You know who's not bound by the law? Of course you do — h's already been discussed at length in this recap. It's Raymond Reddington, who asks Cooper what he plans to do about the huge shipment of FineCal9s Gordon Kemp is planning to send to Chicago the next day specifically because demand for guns in high-crime areas goes up after viral shootings like Sophia's. Cooper tells Red there's nothing he can do, because the law says Kemp can ship those guns. "How did Dickens put it?" Red says. "If the law says, then the law is an ass."

You know what that means: RED VS. POST OFFICE FACE-OFF. Cooper knows Reddington is going to try to hijack Kemp's shipment, and legally, that means he has to try to stop it. So while Red works on his hijacking plan, Cooper convinces a very begrudging and still very ass-y Kemp to let the FBI help him, even though nobody wants to, especially not Liz, who is morally opposed to the whole thing. But this is her job, and part of that job means escorting the Kemp shipment to Chicago to make sure Reddington can't hijack it. Cooper assigns Liz to the truck carrying the guns, telling her that Red might have more hesitation with her in the escort, and he assigns Park and Ressler to the two empty decoy trucks they're sending out at the same time.

But Red wasn't anticipating the decoy trucks, so when Dembe gives him the intel that three trucks are being sent out, he calls Liz to ask which truck he should follow. He tells her to stay on the phone through his count of 10 if hers is the truck with Kemp's gun inside…

And she does. Red's team stages a car crash on Lizzie's route, holds her at gunpoint, opens the back of the truck — and there are no guns inside. Cooper lied to her, knowing she might tell Red which truck had the guns inside. And she has the nerve to come into Cooper's office all angry about him not trusting her, which he was correct in not trusting her! Cooper is angry right back, telling her she chose Reddington over them, over her job, and over the law. "Some laws deserve to be broken!" Liz cries back, seeming to realize what she's said once it comes out of her mouth.

"Not by you," Cooper tells her. "Not when you're carrying a badge."

But Reddington doesn’t carry a badge. No, Reddington sits in dark rooms with his gun out and waits to exact his own justice. When Kemp returns home after a long day of not caring about how many innocent lives he's been complicit in ending, there Red is, waiting to tell Kemp it's time to face the consequences of the careless way he puts guns in the hands of criminals. "What consequences?" Kemp asks. "The wrath of men like me," Reddington replies.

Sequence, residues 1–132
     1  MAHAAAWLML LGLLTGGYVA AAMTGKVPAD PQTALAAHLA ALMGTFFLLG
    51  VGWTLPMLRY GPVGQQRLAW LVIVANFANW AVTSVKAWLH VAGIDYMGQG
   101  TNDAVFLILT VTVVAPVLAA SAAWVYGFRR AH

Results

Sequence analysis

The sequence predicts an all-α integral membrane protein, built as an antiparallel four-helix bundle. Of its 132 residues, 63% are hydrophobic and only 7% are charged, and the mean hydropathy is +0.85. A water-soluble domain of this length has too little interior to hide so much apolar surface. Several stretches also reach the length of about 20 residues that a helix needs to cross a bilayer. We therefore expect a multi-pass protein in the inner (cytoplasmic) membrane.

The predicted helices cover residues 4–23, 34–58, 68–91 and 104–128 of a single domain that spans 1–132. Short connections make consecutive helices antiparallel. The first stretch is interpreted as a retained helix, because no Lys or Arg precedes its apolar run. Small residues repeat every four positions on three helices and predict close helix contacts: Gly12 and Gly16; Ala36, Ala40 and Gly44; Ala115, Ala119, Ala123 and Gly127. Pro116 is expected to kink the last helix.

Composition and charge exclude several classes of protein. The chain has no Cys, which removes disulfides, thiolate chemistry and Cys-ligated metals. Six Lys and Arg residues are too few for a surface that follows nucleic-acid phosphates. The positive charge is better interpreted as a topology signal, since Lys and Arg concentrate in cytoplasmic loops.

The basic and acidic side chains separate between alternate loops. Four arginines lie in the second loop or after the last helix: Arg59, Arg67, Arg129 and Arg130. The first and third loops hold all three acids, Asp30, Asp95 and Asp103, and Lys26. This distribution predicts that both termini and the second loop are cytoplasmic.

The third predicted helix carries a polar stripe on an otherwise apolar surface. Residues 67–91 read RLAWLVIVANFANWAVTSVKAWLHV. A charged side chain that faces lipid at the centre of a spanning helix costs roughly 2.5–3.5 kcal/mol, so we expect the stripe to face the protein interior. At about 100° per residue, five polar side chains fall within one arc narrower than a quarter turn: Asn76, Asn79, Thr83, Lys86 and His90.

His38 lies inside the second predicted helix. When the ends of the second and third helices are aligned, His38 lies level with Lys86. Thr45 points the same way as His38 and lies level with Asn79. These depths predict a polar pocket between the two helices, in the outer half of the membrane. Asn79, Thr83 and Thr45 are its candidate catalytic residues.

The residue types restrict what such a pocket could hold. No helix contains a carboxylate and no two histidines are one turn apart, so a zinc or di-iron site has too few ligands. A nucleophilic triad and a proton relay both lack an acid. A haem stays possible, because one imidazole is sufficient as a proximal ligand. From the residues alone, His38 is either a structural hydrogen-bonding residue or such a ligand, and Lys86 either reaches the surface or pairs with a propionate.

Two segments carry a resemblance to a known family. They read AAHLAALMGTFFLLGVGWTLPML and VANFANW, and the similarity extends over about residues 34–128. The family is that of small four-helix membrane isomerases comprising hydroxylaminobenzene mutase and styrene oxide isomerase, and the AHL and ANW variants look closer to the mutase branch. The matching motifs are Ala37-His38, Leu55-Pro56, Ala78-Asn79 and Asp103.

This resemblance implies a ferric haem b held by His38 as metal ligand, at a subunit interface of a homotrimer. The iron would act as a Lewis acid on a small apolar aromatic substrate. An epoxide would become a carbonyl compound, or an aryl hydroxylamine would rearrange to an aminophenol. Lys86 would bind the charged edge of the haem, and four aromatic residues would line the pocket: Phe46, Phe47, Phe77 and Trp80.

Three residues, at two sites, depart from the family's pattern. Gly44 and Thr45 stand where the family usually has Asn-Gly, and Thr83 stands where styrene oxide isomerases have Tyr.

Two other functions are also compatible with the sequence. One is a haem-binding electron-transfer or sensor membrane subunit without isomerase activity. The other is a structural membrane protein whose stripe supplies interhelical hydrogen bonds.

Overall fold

As Kemp begs Red not to shoot him, he tells Kemp he recently heard another person plead for her life when faced with a FineCal9 gun. And he understands that it can be difficult to understand a tragedy like Sophia's murder for what it really is until a similar tragedy has befallen you or your love ones. "Well, I'm here to tell you, that's happening to you," Red continues. "About an hour ago, a violent criminal bought one of your FineCal9s in the street for $100, and now that criminal is going to shoot you with it."

We don't see the fallout of the Post Office finding out Red killed Kemp, because something else much more important has been brewing throughout this episode: Ilya Koslov has been seeing the same car outside his apartment every day, and while his wife and Red and Dembe are all sure he's being paranoid, it turns out he's not. Someone has been outside his apartment, watching him. But it's not one of Katarina Rostova's people…

It's one of Lizzie's: the private investigator she hired a few weeks ago. And just as Red is congratulating Liz on Cooper's distrust signifying that she's "a person of conviction and principle," and telling her how much it meant to have her on his side today, he gets the call from Dembe telling him who's been watching Ilya. He looks across the table at Liz, hands her a glass of wine, and they toast: "To being on the same side."


  • For the record, Bremley finds out that the P.I. has been working for Liz via board game torture: "The real breakthrough actually happened during Oregon Trail, and then there was such a great feeling of comfort and familiarity during Chutes and Ladders, a real sense of nostalgia!" Poor lady.
  • Shortly before he witnesses a senseless murder, Red informs Glenn on the phone that there will be no unplanned Cher requests at the retirement party — no matter how badly he wants to hear "Half-Breed."
  • Red makes his initial guess that Liz's truck will have the guns because he thinks Cooper would have assigned them to "the badass in the bunch." You just know she loved that.
  • Oh, what will we do with these two?

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The Blacklist - Season 2
The Blacklist

James Spader is Raymond "Red" Reddington, a mastermind criminal who teams up with the FBI.